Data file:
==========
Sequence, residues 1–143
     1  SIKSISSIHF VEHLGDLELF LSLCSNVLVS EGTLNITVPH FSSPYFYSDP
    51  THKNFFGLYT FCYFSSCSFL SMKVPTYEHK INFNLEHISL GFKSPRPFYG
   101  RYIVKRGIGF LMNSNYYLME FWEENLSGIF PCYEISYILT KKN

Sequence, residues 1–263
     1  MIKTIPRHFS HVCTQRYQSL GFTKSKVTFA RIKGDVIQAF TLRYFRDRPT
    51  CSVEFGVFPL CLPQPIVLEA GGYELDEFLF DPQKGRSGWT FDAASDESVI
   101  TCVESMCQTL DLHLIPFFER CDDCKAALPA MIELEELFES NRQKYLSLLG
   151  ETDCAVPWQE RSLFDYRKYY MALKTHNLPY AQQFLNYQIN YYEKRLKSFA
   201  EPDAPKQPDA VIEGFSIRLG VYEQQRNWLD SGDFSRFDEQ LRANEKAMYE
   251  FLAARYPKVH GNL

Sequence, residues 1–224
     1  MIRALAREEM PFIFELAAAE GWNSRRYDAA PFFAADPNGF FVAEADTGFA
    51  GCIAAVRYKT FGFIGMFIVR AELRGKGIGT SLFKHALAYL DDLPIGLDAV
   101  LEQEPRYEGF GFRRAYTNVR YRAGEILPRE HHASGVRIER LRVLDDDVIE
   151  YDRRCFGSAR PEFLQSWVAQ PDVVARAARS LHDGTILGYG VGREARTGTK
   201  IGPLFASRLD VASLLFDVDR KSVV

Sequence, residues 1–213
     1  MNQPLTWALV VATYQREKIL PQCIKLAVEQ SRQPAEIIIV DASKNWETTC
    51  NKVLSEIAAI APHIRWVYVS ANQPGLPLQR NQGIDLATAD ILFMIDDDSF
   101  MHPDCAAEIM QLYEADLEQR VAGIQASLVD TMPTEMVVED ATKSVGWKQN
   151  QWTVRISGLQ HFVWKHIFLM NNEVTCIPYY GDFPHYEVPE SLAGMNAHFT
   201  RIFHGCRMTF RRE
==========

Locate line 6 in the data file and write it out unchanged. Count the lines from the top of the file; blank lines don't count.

     1  MIKTIPRHFS HVCTQRYQSL GFTKSKVTFA RIKGDVIQAF TLRYFRDRPT